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Doubly bizarre: Forest City Ratner aims to lower tax assessments on Block 1129 of Atlantic Yards site, but assessments are already way lower than cost and future value of land

This is bizarre on more than one level. First, it's total chutzpah that--as DNAinfo reported yesterday, to wide pick-up--Forest City Ratner is trying to lower the assessment of its properties on Block 1129, the southeast block of the Atlantic Yards project site, in anticipation of payments in lieu of taxes (PILOTs) perhaps a decade away, once the parking lot is covered with four towers.

Second, as has not been reported, the current assessed values are already bizarrely low, so making them lower flies in the face of 1) the amount of money Forest City Ratner paid for the property and 2) value--on a per square foot basis--of the land.

DNAinfo's James Fanelli reported, in Atlantic Yards Builder Sues City in Attempt to Cut 'Tax' Payments:
The Finance Department put the block’s market value at $11.2 million for its current fiscal year, which began July 1. But FCR says in a lawsuit filed in Brooklyn Supreme Court that it’s only worth about $1.6 million.

FCR wants the court to lower the Tax Commissioner’s and the Finance Department’s final determination.
The city determines the market value of land as part of its convoluted formula for calculating property taxes. The city collects a property tax of about 10.3 percent of a land’s assessment. An assessment is 45 percent of the determined market value of the land.
Payments coming later

But wait--isn't the land tax-exempt? DNAinfo reports:
Since the state owns the Atlantic Yards [site], the land is exempt from property taxes. As a result, FCR currently makes payments in lieu of taxes, or PILOTs, to the city that are also a nominal amount. 
However, the ESDC said that, under the deal, FCR will begin paying property taxes to the city in 12 years or when it has finished developing the block — whichever comes first.
Even though it doesn't currently collect property taxes on the block, the Finance Department annually determines how much the land is worth and calculates a potential property tax. This fiscal year the property tax for the block would be nearly $700,000, according to city records.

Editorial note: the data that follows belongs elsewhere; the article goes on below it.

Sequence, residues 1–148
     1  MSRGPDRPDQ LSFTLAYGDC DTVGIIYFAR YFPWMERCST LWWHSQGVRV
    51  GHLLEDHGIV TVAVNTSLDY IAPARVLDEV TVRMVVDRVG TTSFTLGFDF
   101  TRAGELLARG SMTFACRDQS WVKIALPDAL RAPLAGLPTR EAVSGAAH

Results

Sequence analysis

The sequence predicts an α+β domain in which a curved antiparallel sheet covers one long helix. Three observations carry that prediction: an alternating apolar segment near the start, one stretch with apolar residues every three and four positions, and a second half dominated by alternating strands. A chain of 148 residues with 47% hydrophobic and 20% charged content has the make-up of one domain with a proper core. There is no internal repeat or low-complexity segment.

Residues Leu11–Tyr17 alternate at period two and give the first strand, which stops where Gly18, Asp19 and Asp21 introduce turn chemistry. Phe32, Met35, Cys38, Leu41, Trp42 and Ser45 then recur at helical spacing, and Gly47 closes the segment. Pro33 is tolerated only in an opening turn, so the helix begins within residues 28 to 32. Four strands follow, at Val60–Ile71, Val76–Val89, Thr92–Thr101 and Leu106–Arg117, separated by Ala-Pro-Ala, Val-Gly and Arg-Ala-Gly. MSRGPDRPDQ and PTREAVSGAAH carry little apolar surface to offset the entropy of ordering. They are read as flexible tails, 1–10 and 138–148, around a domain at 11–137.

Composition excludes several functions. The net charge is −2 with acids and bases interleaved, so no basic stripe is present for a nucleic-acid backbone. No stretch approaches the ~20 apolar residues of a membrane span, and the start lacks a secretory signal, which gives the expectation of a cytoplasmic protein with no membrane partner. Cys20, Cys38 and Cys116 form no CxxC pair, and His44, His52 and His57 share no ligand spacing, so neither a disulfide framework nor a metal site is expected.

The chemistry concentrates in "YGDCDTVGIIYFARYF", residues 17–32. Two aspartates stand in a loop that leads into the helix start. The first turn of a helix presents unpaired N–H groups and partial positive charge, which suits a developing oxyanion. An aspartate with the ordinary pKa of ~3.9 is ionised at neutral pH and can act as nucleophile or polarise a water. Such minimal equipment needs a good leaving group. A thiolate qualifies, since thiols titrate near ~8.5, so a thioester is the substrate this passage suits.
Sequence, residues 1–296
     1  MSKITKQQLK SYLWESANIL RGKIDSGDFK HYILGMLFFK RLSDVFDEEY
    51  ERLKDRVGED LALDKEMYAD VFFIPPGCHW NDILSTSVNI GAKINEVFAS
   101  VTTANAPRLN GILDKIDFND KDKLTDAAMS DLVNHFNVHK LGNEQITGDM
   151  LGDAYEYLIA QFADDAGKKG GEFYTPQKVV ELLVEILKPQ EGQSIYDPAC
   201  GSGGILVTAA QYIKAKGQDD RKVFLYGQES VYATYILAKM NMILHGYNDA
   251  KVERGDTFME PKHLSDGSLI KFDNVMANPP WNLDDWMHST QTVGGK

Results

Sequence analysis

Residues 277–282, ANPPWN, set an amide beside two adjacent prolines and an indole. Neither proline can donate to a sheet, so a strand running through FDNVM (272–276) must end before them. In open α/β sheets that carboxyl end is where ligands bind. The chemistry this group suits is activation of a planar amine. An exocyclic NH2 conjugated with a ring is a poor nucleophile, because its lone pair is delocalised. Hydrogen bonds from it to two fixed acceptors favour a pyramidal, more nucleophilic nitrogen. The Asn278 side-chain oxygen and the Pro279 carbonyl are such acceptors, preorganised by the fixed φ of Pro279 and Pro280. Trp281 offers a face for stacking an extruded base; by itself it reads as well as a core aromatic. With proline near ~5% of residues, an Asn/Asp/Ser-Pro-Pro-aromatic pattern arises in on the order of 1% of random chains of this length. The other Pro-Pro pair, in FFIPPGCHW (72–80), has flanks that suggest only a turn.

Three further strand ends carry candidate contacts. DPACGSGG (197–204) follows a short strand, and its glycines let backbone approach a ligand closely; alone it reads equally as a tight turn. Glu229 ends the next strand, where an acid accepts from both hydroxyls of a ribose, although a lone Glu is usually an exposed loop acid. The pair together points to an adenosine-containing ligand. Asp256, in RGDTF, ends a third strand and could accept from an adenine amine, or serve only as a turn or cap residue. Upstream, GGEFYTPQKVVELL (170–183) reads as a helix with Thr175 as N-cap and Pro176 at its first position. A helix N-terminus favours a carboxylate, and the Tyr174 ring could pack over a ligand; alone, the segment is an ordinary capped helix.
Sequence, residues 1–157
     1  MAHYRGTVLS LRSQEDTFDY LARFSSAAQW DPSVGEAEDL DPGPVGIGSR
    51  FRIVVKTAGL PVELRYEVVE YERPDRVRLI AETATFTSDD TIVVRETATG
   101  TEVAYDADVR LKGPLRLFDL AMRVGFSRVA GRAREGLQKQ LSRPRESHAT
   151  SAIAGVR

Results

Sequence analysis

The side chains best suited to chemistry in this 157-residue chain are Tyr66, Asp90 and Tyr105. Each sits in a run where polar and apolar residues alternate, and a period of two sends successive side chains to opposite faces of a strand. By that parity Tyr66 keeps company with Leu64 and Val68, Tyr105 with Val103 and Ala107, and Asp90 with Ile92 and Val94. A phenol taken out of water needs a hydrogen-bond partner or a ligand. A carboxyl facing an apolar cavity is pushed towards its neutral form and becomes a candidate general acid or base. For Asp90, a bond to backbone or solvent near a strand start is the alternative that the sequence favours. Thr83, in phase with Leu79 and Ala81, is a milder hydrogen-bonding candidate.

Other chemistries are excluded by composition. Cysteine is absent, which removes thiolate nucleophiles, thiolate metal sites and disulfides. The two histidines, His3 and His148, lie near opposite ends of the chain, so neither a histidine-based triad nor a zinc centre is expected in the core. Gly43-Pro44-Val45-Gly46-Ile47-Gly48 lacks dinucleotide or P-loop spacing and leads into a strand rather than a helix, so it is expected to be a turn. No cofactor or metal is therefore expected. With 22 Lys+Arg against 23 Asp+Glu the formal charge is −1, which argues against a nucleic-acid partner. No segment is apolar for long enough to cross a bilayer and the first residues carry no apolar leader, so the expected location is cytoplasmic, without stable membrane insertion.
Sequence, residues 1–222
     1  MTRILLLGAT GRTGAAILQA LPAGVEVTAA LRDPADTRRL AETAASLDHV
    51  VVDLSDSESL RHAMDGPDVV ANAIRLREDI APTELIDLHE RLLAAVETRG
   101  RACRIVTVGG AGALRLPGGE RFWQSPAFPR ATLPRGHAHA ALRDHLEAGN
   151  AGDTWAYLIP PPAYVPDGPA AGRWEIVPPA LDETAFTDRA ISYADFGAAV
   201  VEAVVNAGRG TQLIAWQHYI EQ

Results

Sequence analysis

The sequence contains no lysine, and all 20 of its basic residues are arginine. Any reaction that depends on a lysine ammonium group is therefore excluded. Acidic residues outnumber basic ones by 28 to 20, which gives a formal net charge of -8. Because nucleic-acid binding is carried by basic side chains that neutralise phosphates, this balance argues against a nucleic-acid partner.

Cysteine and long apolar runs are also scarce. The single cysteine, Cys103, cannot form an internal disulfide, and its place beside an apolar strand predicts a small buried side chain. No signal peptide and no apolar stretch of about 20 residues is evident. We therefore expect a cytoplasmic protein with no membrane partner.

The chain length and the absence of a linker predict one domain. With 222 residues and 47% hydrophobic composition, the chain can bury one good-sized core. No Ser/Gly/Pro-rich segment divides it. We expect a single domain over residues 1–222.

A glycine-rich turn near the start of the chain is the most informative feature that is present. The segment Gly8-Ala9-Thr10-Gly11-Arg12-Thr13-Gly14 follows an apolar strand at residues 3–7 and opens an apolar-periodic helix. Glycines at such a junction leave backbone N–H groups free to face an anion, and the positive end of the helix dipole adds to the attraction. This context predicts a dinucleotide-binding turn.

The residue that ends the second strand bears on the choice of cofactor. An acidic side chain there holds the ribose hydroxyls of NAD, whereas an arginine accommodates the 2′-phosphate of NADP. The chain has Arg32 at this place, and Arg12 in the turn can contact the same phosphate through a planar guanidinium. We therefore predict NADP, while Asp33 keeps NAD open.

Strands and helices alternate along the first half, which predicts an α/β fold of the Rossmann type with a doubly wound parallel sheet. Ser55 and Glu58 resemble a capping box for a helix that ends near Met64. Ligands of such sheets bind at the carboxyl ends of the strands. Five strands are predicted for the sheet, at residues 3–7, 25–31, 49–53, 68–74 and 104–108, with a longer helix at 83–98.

If the court agrees to lower the city's appraisal, then the FCR will pay less in property taxes when the levy kicks in, according to the ESDC.
DNAinfo notes that neither the ESDC nor Forest City provided accurate information before publication, but later updated the explanation.

Looking more closely: sale

Let's take a look at the largest piece of property, Lot 25, the former Ward Bakery.

The city values the land at $1.5 million, while Forest City thinks it's worth a little more than $500,000.

For Lot 25, as well as a smaller lot nearby, Forest City paid $45 million in 2006, as the document at bottom indicates. (A 2005 Brooklyn Paper article reported $44 million.)



Looking more closely: development rights

However, the development rights for the site are vastly greater than that. Consider I estimated the developable value of Pacific Street between Carlton and Vanderbilt avenues--perhaps vaguely commensurate to lot 25--at more than $46 million.

There's a large margin of error there, and indeed it is apparently not city practice to value property at the value of the development rights.

Still, values like $1.5 million and $500,000 associated with the old Ward Bakery site are completely unrealistic.


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